Put yourself first and get an eye test

When Judith Daw experienced some blurriness in her eyes, she was a busy foster mum and carer who always put others needs before her own.

The 65-year-old retiree from Albany, who has been living with type two diabetes for about ten years, noticed the blurriness about three years ago. However, she put off having an eye test for another twelve months.

Along with her foster mum and caring responsibilities, around the same time as the blurriness appeared Judith’s husband was diagnosed with a life threatening abdominal aortic aneurism (AAA). With so much focus on her family’s health, Judith didn’t realise her own blood glucose levels had been rising.

“I was going through a lot,” she admitted.

When she eventually found time to see an optometrist, he immediately sent her to a specialist eye doctor.

“He (the specialist) told me that within two weeks I would possibly have been blind in my left eye,” Judith said.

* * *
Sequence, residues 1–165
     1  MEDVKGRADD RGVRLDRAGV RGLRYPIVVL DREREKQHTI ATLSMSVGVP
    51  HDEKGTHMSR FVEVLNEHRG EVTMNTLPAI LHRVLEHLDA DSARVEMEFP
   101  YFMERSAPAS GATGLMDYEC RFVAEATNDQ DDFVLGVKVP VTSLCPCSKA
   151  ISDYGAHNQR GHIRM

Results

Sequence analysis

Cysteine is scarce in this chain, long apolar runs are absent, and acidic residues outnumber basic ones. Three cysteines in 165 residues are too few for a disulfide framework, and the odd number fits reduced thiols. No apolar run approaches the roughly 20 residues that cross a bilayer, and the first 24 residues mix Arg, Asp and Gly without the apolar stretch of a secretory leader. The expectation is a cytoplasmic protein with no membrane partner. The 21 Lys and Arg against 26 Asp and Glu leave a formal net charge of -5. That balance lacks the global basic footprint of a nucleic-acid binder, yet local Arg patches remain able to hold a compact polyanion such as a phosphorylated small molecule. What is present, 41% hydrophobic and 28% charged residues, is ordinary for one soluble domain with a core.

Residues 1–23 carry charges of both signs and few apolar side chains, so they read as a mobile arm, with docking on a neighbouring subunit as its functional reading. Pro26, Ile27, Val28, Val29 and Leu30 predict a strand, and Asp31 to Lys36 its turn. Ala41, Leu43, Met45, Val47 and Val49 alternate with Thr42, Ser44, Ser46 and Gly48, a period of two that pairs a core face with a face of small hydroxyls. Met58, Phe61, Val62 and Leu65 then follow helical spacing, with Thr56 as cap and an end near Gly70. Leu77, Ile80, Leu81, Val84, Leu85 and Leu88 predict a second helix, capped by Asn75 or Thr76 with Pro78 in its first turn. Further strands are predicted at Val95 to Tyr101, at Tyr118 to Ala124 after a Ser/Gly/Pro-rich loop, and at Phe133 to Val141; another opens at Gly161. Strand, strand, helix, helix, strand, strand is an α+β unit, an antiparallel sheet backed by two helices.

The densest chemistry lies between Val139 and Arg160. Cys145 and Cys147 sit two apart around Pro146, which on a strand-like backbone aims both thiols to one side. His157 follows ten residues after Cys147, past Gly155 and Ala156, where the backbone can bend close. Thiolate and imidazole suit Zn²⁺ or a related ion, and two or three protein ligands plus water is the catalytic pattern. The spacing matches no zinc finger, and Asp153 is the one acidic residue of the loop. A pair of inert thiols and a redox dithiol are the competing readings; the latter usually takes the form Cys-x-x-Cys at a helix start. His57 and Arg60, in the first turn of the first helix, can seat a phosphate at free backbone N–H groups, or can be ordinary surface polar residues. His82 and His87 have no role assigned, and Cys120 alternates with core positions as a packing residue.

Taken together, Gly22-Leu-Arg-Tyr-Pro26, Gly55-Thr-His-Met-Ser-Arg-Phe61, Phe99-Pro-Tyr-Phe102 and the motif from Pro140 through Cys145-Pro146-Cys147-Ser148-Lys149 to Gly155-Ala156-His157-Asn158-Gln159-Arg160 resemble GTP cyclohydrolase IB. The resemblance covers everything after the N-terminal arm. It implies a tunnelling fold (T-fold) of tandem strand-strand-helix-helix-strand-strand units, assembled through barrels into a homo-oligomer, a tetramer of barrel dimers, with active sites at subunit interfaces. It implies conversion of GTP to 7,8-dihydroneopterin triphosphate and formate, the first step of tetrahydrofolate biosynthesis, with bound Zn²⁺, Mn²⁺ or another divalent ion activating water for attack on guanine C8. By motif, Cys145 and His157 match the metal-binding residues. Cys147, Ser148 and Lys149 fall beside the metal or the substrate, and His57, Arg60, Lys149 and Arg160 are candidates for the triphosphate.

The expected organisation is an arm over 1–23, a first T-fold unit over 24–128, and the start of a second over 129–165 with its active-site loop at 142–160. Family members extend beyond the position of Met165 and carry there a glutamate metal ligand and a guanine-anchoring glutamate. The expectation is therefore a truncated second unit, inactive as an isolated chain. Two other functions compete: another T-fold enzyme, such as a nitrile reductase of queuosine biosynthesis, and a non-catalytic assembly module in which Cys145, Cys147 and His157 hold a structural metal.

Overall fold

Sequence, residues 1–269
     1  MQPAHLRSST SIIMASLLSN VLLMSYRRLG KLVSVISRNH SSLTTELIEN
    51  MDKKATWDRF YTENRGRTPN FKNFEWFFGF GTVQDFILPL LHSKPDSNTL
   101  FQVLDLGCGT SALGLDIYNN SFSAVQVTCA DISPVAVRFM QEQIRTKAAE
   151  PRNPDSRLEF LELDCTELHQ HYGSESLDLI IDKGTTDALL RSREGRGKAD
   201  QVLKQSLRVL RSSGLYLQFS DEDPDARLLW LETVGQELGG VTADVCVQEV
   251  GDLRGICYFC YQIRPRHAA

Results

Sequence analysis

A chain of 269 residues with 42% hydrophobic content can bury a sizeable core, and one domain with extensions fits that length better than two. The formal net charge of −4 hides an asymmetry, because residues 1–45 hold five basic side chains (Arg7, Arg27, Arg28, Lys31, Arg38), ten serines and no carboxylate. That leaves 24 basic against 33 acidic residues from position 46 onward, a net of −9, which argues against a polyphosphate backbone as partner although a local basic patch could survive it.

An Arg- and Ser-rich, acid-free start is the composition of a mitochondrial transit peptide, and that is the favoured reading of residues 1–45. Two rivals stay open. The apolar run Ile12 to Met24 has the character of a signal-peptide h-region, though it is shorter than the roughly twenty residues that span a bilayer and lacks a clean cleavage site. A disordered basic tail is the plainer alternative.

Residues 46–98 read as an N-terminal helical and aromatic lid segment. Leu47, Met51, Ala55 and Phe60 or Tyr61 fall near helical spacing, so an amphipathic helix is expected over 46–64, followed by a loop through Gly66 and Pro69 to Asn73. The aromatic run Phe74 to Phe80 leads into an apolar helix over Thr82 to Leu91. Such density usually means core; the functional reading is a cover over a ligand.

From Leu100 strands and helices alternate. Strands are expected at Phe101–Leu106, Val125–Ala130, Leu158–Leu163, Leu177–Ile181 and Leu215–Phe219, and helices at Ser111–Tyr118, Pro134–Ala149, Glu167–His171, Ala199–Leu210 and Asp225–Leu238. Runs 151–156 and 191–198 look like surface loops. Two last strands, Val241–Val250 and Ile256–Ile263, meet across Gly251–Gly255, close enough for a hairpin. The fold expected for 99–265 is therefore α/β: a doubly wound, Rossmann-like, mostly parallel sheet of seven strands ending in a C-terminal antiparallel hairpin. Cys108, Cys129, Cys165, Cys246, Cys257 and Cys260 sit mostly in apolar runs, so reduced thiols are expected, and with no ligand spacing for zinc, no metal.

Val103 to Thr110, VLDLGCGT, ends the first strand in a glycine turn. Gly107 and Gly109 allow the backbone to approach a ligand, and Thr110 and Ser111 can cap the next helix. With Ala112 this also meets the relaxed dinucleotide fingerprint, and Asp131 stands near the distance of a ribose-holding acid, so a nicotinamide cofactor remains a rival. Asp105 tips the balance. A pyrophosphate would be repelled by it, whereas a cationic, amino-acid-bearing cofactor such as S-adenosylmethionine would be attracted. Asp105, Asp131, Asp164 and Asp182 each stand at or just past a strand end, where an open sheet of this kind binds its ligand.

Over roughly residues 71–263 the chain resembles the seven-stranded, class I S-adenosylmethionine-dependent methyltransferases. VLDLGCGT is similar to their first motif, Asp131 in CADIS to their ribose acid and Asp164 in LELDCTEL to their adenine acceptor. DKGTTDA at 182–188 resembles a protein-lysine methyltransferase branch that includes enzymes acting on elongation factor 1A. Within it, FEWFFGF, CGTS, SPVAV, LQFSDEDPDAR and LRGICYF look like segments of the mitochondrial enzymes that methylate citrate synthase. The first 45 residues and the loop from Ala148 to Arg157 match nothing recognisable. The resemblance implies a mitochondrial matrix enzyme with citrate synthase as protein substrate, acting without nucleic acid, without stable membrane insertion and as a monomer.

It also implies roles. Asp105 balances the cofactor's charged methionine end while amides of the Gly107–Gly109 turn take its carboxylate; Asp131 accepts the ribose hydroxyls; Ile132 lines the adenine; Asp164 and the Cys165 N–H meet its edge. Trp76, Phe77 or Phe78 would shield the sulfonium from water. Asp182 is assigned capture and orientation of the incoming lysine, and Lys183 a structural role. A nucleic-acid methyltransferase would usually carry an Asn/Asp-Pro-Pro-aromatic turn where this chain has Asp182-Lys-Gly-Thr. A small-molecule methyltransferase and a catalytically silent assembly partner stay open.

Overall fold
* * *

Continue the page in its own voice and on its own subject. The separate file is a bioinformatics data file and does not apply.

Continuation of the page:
“So he then had to do injections in my eyes and I had to have them done every four weeks.”

For the past two years Judith has required regular appointments with her specialist for treatment in both eyes. The good news is the treatment has been highly effective and she will soon only need check-ups going forward. Managing her blood glucose levels has contributed to the eye improvement.

“You definitely have to put yourself first. I would never ignore it again. It isn’t that hard to do if you’ve got the support at home, which I do have.

“I would advise people to have regular eye checks, just go and have it done, rather than just leave it.”

Around 630,000 Australians, or about half of all people living with diabetes, are at risk of vision loss or blindness because they aren’t having their eyes checked regularly. This means eye damage is often identified too late, when treatment is less effective and more costly.

Diabetes Australia’s new national KeepSight campaign is designed to make it easier for people to remember to have regular eye checks. Once registered with KeepSight, participants receive reminders and prompts to have regular diabetes eye checks with their provider of choice. Costs are usually funded by Medicare.

To register with KeepSight go to www.keepsight.org.au.